Friday, July 21, 2017

Stages of Gum Disease


Gingivitis

Gingivitis, an early gum infection, is a reversible disease characterized by tenderness, swelling, and most importantly, bleeding of the gum tissue. In the United States, a majority of youngsters over the age of thirteen already have gingivitis! The normal, healthy pink color darkens from the increase in blood volume, and goes through various shades of red. In more advanced cases, the gums may appear reddish-blue. Gingivitis usually begins gradually and progresses as symptoms become more prominent. It can, however, be a fluctuating disease. For example, inflamed areas develop and then become normal, only for inflammation to reappear at a later date. Bad breath, which frequently accompanies periodontal diseases, may first develop during gingivitis.

The Periodontal Pocket

If plaque accumulation did no more than cause irritation or gingivitis, we might not be so concerned. Unfortunately, because most bleeding is ignored, the advantage is lost of detecting early signs of periodontal disease and receiving prompt and relatively simple care. If the disease progresses, serious consequences can develop.

As noted earlier, the gum reacts to plaque with swelling and inflammation. This condition permits the plaque to approach the normally well-adapted crevice or sulcus between the gingiva and tooth. The infection spreads into the attachment causing the gum to separate from the tooth.

With the gum seal broken, more plaque can bury itself within the newly enlarged gum space. The space created by this separation is called a periodontal pocket and represents the critical pathologic entity of periodontal disease. In general, it is the comparative measurement of these pockets that reveals the extent and seriousness of periodontal disease.

Chronic Periodontitis

As the gum infection advances along the root, the pocket deepens with destruction of bone and attaching fibers. This condition is called periodontitis and the most common type is known as chronic periodontitis. The disease slowly progresses over time.

Pus can develop as supporting bone is destroyed and interacts with the infected gum tissue, usually in the latter stages of the disease. Sometimes so much support is destroyed that the teeth become loose. Periodontitis is serious business. Left untreated, periodontitis has the potential to continue for many years as a chronic, progressive infection, and a true threat to the survival of the teeth.

Aggressive Periodontitis

A very destructive type of periodontal disease, less common than chronic periodontitis, is known as aggressive periodontitis (AgP). Individuals with aggressive periodontitis demonstrate significant and rapid bone loss around their teeth. The disease is particularly disturbing as it is often diagnosed in children and young adults. It can first appear around the time of puberty or even earlier, although it is also diagnosed later in life. A peculiar characteristic often seen with AgP is that destruction of underlying bone can be extensive even though there is only a surprisingly small amount of plaque in the mouth.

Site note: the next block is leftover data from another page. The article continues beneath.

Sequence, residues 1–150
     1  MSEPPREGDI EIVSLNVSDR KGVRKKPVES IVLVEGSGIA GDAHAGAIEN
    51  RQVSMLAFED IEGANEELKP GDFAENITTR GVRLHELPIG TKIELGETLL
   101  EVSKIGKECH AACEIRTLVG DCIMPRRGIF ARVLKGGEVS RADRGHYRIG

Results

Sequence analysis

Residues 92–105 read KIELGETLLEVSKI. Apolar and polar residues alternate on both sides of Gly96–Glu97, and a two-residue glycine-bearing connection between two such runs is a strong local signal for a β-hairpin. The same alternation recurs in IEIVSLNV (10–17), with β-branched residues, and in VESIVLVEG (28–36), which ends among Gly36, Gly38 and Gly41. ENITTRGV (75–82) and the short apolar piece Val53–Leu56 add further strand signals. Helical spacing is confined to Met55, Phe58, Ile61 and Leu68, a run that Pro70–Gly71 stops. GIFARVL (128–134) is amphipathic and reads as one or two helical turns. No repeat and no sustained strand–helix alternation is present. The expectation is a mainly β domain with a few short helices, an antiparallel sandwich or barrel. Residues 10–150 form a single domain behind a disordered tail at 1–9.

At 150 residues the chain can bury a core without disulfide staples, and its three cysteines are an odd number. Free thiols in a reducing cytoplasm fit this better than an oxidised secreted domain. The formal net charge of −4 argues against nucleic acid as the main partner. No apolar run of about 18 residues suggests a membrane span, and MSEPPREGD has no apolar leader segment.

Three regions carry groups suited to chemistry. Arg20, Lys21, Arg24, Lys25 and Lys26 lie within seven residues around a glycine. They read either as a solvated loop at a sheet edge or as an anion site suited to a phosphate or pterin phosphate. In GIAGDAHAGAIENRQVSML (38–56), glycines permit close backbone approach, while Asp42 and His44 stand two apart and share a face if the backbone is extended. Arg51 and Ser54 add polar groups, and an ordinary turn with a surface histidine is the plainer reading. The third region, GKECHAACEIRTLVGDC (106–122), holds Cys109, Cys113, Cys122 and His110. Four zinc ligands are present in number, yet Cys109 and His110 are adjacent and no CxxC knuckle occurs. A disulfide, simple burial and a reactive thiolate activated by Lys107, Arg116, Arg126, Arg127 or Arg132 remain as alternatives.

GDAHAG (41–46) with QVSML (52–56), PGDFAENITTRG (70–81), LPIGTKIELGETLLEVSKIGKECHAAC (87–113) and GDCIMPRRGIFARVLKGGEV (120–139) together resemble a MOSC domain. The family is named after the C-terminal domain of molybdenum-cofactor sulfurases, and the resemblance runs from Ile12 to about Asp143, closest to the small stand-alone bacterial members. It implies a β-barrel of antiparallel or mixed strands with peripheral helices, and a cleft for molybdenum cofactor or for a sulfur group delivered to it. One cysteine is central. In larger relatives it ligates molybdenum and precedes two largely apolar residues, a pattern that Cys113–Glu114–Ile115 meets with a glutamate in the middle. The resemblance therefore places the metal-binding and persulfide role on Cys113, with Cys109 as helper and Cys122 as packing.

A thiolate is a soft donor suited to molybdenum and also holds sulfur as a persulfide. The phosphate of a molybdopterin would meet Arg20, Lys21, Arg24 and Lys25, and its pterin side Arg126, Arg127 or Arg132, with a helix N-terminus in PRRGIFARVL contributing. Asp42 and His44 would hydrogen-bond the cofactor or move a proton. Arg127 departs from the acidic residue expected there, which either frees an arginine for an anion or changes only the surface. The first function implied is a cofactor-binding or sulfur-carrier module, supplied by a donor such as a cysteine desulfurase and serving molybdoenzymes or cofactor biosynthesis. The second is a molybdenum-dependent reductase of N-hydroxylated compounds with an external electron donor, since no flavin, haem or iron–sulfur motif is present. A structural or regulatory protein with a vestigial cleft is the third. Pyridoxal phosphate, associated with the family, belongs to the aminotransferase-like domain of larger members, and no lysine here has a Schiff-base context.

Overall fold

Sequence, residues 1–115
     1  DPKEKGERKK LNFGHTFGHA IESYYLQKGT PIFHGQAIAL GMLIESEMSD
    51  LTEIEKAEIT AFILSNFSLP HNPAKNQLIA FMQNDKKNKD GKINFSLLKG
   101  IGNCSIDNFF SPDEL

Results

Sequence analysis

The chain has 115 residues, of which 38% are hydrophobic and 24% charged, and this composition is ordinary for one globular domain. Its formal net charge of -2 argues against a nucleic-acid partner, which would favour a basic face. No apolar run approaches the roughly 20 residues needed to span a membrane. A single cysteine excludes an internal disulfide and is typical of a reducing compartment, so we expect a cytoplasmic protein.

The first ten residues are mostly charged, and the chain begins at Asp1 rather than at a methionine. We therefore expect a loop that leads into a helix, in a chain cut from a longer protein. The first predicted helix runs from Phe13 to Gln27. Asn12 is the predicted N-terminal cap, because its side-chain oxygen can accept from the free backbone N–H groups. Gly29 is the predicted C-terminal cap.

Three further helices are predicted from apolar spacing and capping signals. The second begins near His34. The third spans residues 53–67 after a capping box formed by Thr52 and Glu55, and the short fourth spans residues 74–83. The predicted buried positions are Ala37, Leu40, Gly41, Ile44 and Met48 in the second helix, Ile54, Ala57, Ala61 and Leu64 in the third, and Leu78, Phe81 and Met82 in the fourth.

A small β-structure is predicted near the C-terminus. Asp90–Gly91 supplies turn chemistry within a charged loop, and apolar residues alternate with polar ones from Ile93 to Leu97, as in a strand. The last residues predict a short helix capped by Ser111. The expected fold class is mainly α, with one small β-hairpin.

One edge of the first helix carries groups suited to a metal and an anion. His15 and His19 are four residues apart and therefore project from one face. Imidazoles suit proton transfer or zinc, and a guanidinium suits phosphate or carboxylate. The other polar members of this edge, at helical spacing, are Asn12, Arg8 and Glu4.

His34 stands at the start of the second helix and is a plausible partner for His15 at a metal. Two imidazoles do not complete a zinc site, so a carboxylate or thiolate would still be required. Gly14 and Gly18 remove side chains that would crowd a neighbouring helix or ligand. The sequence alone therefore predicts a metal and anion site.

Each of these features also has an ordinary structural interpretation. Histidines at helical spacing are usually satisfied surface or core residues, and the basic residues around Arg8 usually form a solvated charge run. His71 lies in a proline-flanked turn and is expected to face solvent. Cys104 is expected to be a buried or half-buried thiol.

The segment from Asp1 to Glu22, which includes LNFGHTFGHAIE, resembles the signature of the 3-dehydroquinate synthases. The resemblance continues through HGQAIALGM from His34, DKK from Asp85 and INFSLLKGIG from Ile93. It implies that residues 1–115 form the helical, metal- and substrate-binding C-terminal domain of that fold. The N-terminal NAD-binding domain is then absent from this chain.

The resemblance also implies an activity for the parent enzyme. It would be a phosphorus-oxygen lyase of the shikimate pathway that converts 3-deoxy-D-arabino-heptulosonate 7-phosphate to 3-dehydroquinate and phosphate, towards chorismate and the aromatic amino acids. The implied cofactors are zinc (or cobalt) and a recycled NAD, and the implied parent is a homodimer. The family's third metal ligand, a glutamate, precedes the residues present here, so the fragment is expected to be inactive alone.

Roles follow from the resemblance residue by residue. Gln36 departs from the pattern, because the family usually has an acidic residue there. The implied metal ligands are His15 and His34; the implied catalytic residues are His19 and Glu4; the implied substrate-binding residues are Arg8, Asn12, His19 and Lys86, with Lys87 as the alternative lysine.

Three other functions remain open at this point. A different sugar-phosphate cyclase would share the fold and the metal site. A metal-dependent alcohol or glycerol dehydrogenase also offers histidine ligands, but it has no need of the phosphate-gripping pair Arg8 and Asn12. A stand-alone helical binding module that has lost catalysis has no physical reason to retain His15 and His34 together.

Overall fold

AgP patients do not always respond well to routine periodontal therapy. Some systemic diseases or altered mechanisms of the body are thought to contribute to the unpredictability and difficulty in treating AgP. The influence of defective cells in the body's defense mechanism has been suggested as one explanation. Also, this type of periodontal disease is frequently found among family members, supporting the likelihood of a genetic predisposition to AgP.


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Tuesday, July 18, 2017

Dental Health Is More Important Than Ever


No one can deny the importance of regular dentist visits. As a window into the overall health of an individual, dental health is crucial. It can show early signs of many diseases and also leaves one with a healthy smile. Research continues to prove that any conditions of the body can be discovered via oral health, and of course poor oral health can lead to other problems.

Since research also shows that good oral health may actually prevent certain diseases from occurring. Cheap dental plans are available to ensure that everyone has a chance for good oral health care.

Be on the Lookout for Gum Disease